Build Your Family Bank by Emily Griffiths-Hamilton

Emily Griffiths-Hamilton’s new book is a road map for people with family fortunes to protect their assets for future generations.

Most people fortunate to grow up as privileged as Emily Griffiths-Hamilton was might shun expressions such as "trust fund baby." But Griffiths-Hamilton, daughter of the late media and sports mogul Frank Griffiths, doesn’t shy away from such terms.

Instead, she uses them to describe what she did not become and to caution readers about the fragility of family fortune. Although she grew up jetting to the family’s yacht in the Mediterranean, she worked hard to forge a career as an accountant and tried to do the right things with her inheritance, even if all didn’t go according to plan.

In Build Your Family Bank, a road map to help people of means protect their assets for future generations, Griffiths-Hamilton enlivens professional advice with personal history. Instead of fostering a sense of entitlement, she says, family wealth should be used to nurture hardworking and financially savvy heirs who will find fulfilling work that will help them build, rather than fritter away, the family nest egg.

She cites the startling statistic that 70% of succession plans fail to achieve the desired result. The author’s prescription to avoid this outcome includes paying attention to human and intellectual assets, not just financial ones. She encourages families to have honest discussions about money, build trust and work toward a shared vision. Thinking as a unit, involving all stakeholders and having a plan will go a long way toward preserving wealth for future generations.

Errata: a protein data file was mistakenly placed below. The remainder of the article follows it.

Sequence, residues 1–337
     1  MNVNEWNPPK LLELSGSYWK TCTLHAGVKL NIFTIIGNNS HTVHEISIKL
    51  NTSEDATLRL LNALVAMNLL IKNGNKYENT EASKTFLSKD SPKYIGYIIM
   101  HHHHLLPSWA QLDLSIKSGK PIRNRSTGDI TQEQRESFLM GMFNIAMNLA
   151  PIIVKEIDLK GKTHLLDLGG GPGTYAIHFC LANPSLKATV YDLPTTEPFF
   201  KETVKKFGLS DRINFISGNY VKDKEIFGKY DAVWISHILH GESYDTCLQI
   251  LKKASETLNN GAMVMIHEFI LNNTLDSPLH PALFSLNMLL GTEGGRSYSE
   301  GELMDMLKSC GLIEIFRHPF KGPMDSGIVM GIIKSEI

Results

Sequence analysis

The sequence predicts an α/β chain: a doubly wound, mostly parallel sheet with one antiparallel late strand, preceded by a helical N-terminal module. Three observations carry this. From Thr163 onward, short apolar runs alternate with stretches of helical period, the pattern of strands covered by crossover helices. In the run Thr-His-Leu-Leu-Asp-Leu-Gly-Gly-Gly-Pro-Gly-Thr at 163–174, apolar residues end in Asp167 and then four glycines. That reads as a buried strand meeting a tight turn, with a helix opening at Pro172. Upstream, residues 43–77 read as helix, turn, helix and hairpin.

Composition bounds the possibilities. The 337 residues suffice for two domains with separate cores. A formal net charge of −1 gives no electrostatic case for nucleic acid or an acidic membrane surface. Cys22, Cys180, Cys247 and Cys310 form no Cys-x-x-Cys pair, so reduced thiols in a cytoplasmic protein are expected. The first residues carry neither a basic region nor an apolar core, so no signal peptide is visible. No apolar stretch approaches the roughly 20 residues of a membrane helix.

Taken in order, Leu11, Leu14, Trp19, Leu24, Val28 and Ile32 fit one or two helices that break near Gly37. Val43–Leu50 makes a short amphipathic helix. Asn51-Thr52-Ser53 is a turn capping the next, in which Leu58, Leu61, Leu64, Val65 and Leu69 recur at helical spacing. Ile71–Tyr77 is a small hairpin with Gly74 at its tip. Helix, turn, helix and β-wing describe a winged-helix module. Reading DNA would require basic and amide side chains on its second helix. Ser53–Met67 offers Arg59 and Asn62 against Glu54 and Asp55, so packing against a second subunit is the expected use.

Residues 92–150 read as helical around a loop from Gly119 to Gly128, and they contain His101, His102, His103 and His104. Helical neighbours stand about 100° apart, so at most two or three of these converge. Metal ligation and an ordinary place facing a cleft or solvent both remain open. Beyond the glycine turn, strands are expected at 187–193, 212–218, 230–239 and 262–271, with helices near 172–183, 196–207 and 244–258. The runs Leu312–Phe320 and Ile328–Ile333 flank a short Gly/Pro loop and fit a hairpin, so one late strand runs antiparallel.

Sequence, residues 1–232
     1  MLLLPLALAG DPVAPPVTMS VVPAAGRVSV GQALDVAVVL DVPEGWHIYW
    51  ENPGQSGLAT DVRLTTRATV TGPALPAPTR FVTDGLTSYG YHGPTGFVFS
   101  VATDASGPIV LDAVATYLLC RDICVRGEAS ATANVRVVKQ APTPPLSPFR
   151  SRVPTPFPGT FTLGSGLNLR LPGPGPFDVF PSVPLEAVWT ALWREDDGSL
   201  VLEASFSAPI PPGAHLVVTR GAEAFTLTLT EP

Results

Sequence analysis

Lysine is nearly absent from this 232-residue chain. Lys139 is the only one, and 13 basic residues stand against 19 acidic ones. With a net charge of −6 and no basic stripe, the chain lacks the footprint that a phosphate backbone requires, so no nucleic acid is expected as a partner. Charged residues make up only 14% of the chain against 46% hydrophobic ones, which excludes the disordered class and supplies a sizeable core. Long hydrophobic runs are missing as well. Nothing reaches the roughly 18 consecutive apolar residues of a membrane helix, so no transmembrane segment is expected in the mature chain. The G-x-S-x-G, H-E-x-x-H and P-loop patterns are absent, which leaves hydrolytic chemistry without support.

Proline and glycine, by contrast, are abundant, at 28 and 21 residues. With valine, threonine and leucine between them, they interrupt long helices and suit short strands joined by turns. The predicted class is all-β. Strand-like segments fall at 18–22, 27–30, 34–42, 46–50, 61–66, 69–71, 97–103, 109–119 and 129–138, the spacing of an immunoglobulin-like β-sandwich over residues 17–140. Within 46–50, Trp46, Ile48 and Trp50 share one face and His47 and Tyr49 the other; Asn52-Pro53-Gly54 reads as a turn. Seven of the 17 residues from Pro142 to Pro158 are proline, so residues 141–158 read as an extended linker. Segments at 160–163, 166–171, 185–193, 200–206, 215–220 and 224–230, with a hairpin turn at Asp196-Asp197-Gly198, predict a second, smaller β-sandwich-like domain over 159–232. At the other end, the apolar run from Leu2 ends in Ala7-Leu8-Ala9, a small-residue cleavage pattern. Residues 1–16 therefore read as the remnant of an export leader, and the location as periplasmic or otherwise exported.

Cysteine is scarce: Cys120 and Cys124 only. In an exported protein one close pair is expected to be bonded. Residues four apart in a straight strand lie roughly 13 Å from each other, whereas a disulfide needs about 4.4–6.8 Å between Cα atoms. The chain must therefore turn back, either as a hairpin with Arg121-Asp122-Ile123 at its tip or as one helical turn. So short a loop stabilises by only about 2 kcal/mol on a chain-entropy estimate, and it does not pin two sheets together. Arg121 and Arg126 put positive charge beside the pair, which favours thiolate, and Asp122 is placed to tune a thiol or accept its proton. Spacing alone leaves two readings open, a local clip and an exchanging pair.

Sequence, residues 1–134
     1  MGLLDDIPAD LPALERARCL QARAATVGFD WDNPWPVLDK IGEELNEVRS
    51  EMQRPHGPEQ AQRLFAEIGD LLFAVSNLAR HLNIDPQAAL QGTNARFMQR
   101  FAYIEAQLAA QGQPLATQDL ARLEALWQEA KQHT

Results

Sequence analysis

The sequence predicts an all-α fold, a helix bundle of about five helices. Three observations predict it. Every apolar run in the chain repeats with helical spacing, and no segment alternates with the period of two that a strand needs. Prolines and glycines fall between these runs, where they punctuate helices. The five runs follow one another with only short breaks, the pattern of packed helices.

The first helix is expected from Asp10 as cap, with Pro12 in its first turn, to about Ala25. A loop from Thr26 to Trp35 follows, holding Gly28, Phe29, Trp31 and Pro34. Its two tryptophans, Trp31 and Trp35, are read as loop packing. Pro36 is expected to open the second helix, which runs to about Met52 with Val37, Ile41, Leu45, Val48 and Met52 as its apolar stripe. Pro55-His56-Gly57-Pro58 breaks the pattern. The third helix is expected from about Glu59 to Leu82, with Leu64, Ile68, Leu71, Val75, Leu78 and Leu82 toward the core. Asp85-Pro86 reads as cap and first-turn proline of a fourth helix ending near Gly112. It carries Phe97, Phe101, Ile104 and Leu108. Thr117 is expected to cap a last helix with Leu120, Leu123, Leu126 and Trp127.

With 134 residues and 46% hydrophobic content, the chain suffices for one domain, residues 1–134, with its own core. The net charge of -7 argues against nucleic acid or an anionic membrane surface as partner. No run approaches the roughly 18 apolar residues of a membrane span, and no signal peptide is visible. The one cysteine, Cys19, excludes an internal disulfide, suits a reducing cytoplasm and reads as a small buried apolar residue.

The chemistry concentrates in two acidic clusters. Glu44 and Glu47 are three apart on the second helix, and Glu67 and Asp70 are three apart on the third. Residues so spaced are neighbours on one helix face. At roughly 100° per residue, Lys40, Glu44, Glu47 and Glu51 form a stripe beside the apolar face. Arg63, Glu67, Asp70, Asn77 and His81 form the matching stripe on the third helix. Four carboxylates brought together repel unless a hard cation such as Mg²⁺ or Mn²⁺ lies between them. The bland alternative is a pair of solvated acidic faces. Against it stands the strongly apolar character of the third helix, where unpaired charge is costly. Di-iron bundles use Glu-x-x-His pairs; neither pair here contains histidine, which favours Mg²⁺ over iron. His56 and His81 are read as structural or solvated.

Griffiths-Hamilton makes a strong argument against relying solely on complicated trust arrangements, tax-deferral schemes and other ways of trying to control a fortune "from the grave." "The family bank approach turns this control model upside down," she writes. "[I]t focuses specifically on preparing the next generation to competently control their own lives."

She also challenges the gospel that assets should be divided equally among children. "Fair does not mean equal," she says. For instance, a sibling accepted at an Ivy League school might need more financial help than one attending a community college to pursue a trade.

Money in the family bank should be used for furthering the development of the heirs, not doled out for frivolous expenditures. Nothing wrong with Gucci loafers, she writes, but they should be purchased with money earned.

Griffiths-Hamilton is a credible source on such matters. In 1997, three years after her father died, a magazine ran a story suggesting that he had left no succession plan. In fact, he did have a plan in place, based on advice he was given at the time. "No family should have to see their name headlined in the national media the way ours was," she writes. But she now knows how people can go about optimizing the planning process.